EL ARISH, Egypt, May 6 â€” The Melahy tribe of northern Sinai is the poorest in the region, its members herding other people’s cattle, farming other people’s land, its very name used as a slur among local Bedouins. And so Nasser Khamis al-Melahy held great promise for his family when he left his sun-baked home here for law school in the Nile Delta.
But he never did practice law. Instead, he returned to this city on the banks of the Mediterranean and, the authorities say, helped set up an Islamist terrorist cell that has staged five suicide attacks in the Sinai, including a triple bombing in the resort town of Dahab last month.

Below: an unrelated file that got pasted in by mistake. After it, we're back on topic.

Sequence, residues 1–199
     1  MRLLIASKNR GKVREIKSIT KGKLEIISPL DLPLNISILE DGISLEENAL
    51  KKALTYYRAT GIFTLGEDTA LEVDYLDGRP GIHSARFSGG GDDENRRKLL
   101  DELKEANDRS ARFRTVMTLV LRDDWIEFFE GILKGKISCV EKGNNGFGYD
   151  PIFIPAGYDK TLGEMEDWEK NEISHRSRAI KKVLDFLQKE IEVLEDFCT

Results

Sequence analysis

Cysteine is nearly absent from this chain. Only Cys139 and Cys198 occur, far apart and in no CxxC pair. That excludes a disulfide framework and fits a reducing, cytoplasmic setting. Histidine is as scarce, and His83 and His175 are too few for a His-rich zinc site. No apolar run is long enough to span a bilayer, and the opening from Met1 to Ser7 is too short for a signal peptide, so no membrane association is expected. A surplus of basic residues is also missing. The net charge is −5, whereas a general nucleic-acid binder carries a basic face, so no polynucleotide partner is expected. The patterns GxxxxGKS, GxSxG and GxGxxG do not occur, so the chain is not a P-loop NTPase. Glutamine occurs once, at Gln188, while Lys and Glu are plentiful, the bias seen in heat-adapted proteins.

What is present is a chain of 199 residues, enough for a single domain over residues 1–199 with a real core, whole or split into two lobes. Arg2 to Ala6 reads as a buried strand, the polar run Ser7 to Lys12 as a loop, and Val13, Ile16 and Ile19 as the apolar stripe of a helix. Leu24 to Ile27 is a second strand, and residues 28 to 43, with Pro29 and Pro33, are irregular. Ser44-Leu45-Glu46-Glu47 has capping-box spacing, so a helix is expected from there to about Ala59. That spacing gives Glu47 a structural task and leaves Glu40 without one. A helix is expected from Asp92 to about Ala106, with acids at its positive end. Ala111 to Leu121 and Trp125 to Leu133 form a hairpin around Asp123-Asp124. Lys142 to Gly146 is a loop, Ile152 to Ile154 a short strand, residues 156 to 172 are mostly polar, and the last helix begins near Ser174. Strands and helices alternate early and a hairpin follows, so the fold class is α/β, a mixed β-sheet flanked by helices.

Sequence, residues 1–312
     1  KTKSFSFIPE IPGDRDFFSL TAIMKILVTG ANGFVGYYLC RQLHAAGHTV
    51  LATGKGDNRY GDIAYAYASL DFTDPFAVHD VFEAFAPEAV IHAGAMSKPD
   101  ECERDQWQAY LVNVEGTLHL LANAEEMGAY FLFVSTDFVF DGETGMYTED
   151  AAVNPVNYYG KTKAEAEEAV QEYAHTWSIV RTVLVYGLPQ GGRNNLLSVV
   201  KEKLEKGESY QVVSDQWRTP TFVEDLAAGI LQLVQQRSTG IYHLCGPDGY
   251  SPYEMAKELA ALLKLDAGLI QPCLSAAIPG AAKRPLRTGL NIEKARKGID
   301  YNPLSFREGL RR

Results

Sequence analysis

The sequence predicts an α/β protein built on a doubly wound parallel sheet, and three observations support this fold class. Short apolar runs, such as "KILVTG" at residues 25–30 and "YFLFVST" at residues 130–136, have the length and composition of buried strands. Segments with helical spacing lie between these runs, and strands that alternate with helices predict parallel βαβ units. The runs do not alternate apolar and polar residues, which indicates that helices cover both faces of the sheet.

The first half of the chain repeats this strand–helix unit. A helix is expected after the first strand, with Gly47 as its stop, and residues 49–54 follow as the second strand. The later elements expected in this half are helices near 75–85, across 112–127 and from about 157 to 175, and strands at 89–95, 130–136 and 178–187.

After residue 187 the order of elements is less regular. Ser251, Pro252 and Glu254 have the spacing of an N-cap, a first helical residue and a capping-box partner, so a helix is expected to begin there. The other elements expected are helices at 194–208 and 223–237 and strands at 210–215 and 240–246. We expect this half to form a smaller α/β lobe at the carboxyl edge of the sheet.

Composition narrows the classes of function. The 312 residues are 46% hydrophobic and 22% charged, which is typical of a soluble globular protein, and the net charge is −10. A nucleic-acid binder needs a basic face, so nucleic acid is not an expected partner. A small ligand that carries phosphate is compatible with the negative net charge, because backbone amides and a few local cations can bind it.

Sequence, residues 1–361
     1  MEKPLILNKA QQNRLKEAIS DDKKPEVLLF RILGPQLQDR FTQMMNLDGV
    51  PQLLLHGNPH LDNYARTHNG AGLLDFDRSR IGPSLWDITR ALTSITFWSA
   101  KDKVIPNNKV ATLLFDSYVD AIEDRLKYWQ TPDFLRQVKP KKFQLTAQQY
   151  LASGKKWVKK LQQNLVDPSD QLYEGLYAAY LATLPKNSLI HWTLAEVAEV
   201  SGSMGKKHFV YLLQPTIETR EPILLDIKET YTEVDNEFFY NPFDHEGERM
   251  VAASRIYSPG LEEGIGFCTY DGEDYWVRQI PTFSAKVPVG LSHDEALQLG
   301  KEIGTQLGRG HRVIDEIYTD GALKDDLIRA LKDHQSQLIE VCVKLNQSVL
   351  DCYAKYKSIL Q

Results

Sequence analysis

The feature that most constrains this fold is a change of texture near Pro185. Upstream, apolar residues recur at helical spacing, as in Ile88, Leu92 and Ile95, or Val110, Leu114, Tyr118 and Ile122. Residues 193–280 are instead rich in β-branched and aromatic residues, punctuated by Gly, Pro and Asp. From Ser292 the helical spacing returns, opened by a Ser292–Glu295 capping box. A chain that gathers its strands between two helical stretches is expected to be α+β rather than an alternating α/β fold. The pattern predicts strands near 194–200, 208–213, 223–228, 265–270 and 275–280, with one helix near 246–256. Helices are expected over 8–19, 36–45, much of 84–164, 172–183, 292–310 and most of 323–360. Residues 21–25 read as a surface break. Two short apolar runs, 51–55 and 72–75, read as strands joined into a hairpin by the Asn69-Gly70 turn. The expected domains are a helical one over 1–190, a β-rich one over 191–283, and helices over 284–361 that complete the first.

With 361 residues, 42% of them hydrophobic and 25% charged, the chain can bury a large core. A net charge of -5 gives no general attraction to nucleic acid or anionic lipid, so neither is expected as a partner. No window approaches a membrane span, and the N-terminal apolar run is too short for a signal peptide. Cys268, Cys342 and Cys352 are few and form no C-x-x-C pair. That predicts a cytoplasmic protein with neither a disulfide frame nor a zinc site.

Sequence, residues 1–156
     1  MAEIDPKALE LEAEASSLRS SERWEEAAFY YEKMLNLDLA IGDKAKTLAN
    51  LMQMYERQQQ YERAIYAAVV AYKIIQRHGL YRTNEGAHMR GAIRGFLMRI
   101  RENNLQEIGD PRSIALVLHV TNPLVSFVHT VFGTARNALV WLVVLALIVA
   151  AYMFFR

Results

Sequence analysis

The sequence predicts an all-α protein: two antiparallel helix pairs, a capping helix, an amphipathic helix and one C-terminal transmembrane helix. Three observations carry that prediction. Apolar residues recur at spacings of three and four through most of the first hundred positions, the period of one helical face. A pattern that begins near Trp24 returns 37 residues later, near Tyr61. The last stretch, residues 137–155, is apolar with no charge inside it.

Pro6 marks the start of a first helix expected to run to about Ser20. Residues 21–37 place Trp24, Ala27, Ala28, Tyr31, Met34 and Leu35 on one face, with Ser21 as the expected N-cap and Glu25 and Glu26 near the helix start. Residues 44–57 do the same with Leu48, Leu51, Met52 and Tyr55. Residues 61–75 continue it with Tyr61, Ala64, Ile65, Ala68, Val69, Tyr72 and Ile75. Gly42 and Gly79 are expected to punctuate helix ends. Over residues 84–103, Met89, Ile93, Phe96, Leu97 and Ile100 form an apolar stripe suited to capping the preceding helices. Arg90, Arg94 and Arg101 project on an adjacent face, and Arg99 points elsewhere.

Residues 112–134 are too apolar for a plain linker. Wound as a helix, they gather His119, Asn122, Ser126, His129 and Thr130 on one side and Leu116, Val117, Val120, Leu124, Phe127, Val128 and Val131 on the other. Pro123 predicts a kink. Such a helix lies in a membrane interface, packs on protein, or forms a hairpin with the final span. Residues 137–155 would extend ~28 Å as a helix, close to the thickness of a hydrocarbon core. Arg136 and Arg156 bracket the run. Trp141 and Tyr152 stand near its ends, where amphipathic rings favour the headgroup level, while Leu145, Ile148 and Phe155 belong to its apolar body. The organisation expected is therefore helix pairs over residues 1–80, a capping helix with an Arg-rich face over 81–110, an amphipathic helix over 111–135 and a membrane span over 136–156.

Mr. Melahy’s turn to terrorism is one aspect of the strong undercurrent of anger and tension roiling the Middle East, where disillusionment and hostility toward national governments move many young people to adopt Islam as an identity, supplanting nationality or ethnicity. It also underscores a challenge facing many Arab countries where local customs and heritage are being abandoned by young people who instead adopt the dress, customs and behavior of conservative Islam.